The days of waiting for immigrants seeking asylum at the Nogales port of entry in May don’t appear to correspond to any significant increase in the number of people presenting themselves at the border.

The Tucson Field Office, which includes all ports of entry in Arizona, deemed inadmissible 1,792 people in May, which includes those seeking asylum, Customs and Border Protection data show. That’s an increase from previous months but similar to December figures. The share of families and unaccompanied minors among them has been between 62 and 67 percent over the last few months after peaking at 72 percent in December.

CBP has not responded to repeated requests for an interview to discuss the process and delays. Initially, it provided the Arizona Daily Star a written statement saying the agency processed people as quickly as possible “without negating the agency’s overall mission, or compromising the safety of individuals within our custody.”

The number of inadmissible individuals CBP is able to process varied based on factors such as the complexity of the case, available resources, medical needs, translation requirements, holding/detention space and port volume, the agency said.

Tucson siblings — separated from Mom by the border for years — find ways to thrive

Family friend Lety Rodriguez, right, was on hand for Naomi de la Rosa’s high school graduation ceremony. Rodriguez has helped support Naomi and her siblings since their mother was barred from returning to the United States for 10 years in 2009. Perla Trevizo/Arizona Daily Star

Naomi de la Rosa is undecided about becoming a nurse or a teacher — she just wants to help people, a lesson she’s been learning and putting in practice for almost 10 years now.

“I want to be a teacher because I love little kids. Basically because of Bobby, I had to take care of him,” she says of her 13-year-old sibling. And a nurse, “because of my dad,” who she’s also had to learn how to take care of.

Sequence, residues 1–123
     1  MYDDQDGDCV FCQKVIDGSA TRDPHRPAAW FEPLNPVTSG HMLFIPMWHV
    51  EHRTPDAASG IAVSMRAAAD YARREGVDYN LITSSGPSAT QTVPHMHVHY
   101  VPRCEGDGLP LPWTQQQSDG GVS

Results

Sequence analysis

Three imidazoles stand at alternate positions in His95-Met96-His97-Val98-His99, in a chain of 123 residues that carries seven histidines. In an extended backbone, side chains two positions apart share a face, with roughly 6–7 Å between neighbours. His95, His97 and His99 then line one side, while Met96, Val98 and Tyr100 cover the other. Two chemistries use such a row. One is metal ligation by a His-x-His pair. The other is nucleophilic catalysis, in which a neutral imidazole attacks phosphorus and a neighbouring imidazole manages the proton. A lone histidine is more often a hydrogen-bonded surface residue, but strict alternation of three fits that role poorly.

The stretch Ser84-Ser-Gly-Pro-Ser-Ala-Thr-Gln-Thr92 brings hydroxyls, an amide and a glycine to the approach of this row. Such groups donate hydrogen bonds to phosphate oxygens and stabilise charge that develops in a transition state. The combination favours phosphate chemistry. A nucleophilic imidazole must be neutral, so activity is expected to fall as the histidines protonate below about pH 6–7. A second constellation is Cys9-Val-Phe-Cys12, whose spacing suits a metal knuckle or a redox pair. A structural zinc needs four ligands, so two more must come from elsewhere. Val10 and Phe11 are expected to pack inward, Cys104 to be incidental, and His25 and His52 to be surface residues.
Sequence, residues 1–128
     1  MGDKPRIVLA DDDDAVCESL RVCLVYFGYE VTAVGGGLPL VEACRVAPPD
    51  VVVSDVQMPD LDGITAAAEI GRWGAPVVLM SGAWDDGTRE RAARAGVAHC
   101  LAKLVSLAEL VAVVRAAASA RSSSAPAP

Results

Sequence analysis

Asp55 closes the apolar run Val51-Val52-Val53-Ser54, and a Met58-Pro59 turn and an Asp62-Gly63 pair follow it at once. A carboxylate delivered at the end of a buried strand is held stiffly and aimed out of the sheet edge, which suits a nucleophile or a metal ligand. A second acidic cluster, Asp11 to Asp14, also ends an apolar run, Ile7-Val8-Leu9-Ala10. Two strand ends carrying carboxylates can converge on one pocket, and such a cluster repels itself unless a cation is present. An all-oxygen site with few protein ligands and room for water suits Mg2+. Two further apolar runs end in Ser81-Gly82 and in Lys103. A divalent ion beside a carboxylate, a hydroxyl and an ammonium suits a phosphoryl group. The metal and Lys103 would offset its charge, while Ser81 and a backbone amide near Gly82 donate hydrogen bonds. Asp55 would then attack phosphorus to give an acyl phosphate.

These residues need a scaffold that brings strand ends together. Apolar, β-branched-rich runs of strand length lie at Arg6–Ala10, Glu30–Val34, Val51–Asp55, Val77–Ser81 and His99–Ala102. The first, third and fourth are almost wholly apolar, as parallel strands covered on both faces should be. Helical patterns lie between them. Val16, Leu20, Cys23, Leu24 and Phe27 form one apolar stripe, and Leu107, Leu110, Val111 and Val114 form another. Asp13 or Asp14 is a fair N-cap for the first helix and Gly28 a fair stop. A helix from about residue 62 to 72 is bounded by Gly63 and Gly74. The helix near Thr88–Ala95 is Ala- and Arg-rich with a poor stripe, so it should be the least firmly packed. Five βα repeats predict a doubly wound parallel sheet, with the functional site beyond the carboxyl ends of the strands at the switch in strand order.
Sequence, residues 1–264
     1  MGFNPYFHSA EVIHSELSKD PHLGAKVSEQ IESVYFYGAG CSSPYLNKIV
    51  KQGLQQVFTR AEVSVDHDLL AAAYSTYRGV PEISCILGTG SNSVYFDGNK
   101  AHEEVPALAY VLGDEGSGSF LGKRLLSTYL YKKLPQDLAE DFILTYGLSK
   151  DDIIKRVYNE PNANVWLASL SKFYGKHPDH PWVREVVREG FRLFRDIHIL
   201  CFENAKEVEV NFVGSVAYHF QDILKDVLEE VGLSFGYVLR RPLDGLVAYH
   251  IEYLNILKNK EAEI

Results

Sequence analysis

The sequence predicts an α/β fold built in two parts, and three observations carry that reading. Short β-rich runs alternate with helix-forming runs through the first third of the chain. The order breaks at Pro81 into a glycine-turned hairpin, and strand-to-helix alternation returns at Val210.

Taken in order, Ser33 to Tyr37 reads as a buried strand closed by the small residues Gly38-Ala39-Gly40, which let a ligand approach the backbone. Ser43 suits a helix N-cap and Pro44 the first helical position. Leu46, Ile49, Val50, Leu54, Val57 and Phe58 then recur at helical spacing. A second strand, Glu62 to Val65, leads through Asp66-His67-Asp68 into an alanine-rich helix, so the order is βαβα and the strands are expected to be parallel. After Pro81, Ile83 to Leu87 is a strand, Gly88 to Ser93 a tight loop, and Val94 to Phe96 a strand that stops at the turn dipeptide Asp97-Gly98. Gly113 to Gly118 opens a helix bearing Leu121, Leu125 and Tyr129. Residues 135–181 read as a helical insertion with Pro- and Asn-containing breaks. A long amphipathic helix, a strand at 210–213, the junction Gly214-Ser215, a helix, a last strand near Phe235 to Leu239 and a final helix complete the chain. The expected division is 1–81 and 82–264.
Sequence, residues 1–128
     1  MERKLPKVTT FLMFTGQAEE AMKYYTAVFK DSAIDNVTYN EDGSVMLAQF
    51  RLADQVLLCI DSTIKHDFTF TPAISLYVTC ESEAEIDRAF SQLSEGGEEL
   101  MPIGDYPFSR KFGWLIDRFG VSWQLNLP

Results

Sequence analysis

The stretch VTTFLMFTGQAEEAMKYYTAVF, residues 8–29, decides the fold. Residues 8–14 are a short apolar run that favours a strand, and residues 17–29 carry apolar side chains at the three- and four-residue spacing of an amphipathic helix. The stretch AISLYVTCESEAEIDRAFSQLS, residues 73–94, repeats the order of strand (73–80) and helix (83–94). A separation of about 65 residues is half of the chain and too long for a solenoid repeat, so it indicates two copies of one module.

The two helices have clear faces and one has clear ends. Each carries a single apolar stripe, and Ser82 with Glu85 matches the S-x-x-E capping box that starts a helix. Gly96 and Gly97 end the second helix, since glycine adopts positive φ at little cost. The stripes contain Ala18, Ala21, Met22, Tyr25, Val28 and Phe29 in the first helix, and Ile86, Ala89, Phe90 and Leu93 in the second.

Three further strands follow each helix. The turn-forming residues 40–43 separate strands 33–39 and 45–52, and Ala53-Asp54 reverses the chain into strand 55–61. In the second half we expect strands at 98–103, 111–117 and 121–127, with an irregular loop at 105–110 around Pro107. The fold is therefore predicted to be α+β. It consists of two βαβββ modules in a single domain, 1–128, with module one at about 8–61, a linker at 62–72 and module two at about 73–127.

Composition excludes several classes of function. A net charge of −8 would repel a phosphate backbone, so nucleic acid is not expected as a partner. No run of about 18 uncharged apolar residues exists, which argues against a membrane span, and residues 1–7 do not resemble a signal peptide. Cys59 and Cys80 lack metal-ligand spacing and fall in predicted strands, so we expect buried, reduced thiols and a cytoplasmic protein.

During her recent high school graduation ceremony there were a dozen relatives and friends holding signs with pictures of her, proud of everything she had accomplished. They waited anxiously as she walked on the track field to her seat, and had smartphones in hand when school officials called her name.

But some of those closest to her were missing. Her elderly father was at home with her youngest brother, Bobby. The family feared it would be too hot and chaotic for the frail 85-year-old. Her mother was about 60 miles away in Nogales, Sonora, waiting out a 10-year immigration bar that prevents her from coming back to the United States.

Continue reading at the Arizona Daily Star.

Federal judges in Tucson recommending illegal border-crossing parents, children be reunited

Volunteers from Parroquia del Carmen (a Nogales, Sonora parish) set up a table to serve breakfast to the more than 50 migrants, seated at right, queued at the Mexican side of the DeConcini Port of Entry on May 31, 2018, in Nogales, Sonora. The majority of them are family units from Guatemala. Mike Christy/Arizona Daily Star

Federal magistrate judges in Tucson are showing signs of pushing back against a Trump administration practice of separating parents from their children after crossing the border illegally.

In more than two-dozen recent cases, judges in Tucson recommended children, some as young as 7 years old, be reunited with their parents after the parents are released from custody, U.S. District Court records show.

The magistrate judges’ recommendations for reunifications come as the Trump administration employs a zero-tolerance policy in which Border Patrol agents refer for prosecution everyone they apprehend along the border, including parents.

In Southern Arizona, parents and their children illegally cross the border near Lukeville and flag down agents or otherwise surrender, according to the Border Patrol’s Tucson Sector.

While those parents face judges in federal criminal courts in Tucson, others immigrants head to a port of entry in Nogales where they spend days waiting to cross over for a chance to ask for asylum in the United States.